Hence, the counter-attack by GOSH and the case’s original and final jurist, Justice Francis. The hospital accused Dr. Hirano of giving “false hope” to Gard and Yates. Hospital representatives issued a statement expressing that “those who, like [Hirano], have provided the opinions that have so sustained Charlie’s parents, their hopes and thus this protracted litigation with its many consequences, will also find much upon which to reflect.”

The hospital was further incensed that Hirano “retains a financial interest in some of the NBT compounds he proposed prescribing for Charlie,” and that his failure to personally visit the infant, review his medical records or other opinions about his condition “confirms that whilst NBT may well assist others in the future, it cannot and could not have assisted Charlie.”

Lord Robert Winston, Professor of Science and Society at Imperial College London, also piled on, insisting GOSH doctors have just as much knowledge as Hirano and that “it was rather wicked to give the parents the idea that somehow had this baby been treated earlier it would have made a difference.”

Justice Francis aimed his ire at social media. “A lot of things have been said by those who know almost nothing about this case but who feel entitled to express opinions … based on feelings rather than facts,” he stated, adding it was his “duty” to condemn those who insisted Charlie has been imprisoned by the National Health Service or that it, not the courts, had power to decide Charlie’s fate. “In this country children have rights independent of their parents,” Francis declared.

What semantical nonsense. An 11-month-old child, completely incapable of communicating anything to anyone, hasn’t been granted rights at all. Quite simply, the judge transferred those rights to the state and framed that transfer as independence — while making it clear Charlie’s parents remain completely out of the loop.

The Wall Street Journal correctly framed that contemptible reality. “The message from these medical and legal officials arrayed against the parents was this: How dare you look for a second opinion,” it stated.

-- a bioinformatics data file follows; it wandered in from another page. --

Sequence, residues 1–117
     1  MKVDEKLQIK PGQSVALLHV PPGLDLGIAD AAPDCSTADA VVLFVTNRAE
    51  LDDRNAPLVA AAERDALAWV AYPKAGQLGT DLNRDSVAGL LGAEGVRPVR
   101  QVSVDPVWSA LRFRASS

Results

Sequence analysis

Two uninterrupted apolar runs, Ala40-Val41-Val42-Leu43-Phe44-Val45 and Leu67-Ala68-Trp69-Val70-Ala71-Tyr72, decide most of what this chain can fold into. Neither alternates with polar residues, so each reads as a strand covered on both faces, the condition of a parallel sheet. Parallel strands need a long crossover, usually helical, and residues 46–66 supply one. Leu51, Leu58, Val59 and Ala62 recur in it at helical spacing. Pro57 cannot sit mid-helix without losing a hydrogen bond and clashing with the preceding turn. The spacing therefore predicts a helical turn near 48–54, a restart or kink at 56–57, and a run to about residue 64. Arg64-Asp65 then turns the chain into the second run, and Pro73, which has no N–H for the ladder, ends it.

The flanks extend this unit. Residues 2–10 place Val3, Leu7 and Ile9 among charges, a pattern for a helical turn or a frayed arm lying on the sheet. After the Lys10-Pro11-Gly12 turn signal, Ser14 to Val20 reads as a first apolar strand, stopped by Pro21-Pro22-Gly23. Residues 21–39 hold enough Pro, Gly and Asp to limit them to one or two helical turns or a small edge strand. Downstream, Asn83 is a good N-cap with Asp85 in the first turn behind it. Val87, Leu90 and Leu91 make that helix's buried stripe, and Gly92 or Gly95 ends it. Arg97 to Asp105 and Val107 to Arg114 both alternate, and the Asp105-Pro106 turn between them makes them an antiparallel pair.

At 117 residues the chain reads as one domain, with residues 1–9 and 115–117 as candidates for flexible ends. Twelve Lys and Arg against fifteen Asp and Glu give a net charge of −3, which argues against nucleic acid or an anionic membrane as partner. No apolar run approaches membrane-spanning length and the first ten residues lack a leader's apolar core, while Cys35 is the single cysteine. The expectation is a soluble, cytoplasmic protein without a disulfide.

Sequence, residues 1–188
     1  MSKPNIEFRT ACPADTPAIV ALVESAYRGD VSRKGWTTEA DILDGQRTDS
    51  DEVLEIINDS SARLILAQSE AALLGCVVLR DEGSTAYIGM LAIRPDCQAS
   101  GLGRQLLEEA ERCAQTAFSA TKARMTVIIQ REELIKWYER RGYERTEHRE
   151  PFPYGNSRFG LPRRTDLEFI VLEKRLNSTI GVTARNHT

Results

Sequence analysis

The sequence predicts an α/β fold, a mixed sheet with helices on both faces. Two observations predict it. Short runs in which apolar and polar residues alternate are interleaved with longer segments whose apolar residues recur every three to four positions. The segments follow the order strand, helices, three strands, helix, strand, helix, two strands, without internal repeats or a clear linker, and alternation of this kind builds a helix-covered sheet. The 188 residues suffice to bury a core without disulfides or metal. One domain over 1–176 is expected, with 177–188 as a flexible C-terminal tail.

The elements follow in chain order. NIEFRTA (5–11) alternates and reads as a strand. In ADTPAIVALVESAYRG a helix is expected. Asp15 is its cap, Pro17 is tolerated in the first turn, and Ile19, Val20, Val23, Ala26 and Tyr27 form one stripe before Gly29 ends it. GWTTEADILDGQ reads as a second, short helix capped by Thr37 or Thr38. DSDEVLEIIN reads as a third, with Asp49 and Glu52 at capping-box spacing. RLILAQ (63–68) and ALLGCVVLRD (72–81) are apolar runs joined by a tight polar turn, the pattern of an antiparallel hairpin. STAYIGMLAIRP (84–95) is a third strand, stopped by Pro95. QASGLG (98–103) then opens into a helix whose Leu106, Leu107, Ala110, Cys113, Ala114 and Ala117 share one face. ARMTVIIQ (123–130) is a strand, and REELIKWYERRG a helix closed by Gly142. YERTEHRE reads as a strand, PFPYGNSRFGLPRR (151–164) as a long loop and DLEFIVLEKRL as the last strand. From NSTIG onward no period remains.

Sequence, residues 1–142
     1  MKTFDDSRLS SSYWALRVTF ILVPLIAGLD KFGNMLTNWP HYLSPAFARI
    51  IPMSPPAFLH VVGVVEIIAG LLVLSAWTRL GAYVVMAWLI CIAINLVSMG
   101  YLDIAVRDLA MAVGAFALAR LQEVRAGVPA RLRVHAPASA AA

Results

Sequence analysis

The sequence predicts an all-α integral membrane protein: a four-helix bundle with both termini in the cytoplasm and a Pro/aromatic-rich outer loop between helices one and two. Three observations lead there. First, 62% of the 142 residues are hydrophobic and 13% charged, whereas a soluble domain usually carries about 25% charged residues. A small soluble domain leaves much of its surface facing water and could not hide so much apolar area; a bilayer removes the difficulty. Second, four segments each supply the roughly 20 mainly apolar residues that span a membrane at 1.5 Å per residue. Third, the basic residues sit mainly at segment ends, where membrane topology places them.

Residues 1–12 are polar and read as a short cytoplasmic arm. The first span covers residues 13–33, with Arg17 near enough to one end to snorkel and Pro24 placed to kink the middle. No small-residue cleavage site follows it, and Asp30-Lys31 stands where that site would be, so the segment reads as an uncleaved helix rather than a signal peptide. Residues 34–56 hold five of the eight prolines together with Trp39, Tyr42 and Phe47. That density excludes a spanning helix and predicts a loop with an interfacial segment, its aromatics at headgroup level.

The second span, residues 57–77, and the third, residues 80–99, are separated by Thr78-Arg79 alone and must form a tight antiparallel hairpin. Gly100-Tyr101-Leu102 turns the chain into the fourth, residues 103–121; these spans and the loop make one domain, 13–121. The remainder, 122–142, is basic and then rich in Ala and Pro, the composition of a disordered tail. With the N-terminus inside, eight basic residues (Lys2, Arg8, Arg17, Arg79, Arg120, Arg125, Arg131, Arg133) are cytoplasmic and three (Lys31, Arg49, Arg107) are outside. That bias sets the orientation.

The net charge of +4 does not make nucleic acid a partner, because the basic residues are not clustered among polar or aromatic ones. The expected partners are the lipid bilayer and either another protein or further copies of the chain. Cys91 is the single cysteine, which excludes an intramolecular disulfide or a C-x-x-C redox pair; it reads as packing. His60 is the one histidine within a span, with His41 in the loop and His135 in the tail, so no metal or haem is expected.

How dare you even get the time to do so. As columnist Daniel Payne explains, GOSH and the British court system “effectively ran out the clock on Charlie, in the same way a professional football team will run out the clock at the end of the fourth quarter.”

Here in America, we’re in our own fourth quarter. In a complete betrayal of the voters who propelled them to House and Senate majorities in 2010 and 2014, respectively, the Republican-controlled Senate failed to pass a straight ObamaCare repeal yesterday. Seven Republican senators — Lamar Alexander, Shelley Moore Capito, Susan Collins, Dean Heller, John McCain, Lisa Murkowski and Rob Portman —joined every Democrat to defeat it by a 55-45 margin. Even worse, every one but Collins voted in favor of an identical repeal bill in 2015.

On Wednesday, Charlie’s parents were told their son will be transferred to hospice and taken off life support unless another arrangement can be reached by noon today. They had found a doctor who would look after him while they spent a few days with him, but GOSH objected, saying he lacked the qualifications necessary to maintain the care Charlie needs. They also objected to giving the parents 48 hours to find another one. It is “simply unacceptable that this drag on into a further week,” Fiona Paterson, a lawyer for the hospital, told the court. “It is for no gain.”

“Charlie Gard has shown us our future under the Affordable Care Act,” warns Twila Brase, president and co-founder of the Citizens’ Council for Health and Freedom.

Courtesy of the GOP, the future is here.